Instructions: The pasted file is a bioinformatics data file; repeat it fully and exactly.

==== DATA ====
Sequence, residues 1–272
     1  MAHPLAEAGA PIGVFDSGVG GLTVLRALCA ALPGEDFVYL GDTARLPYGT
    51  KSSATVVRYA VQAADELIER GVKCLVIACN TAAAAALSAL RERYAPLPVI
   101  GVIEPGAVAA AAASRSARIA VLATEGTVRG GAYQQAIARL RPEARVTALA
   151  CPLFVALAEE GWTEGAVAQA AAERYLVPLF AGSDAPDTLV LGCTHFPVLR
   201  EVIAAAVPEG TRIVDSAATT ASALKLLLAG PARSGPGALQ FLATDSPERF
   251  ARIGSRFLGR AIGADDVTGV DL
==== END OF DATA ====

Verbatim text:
Sequence, residues 1–272
     1  MAHPLAEAGA PIGVFDSGVG GLTVLRALCA ALPGEDFVYL GDTARLPYGT
    51  KSSATVVRYA VQAADELIER GVKCLVIACN TAAAAALSAL RERYAPLPVI
   101  GVIEPGAVAA AAASRSARIA VLATEGTVRG GAYQQAIARL RPEARVTALA
   151  CPLFVALAEE GWTEGAVAQA AAERYLVPLF AGSDAPDTLV LGCTHFPVLR
   201  EVIAAAVPEG TRIVDSAATT ASALKLLLAG PARSGPGALQ FLATDSPERF
   251  ARIGSRFLGR AIGADDVTGV DL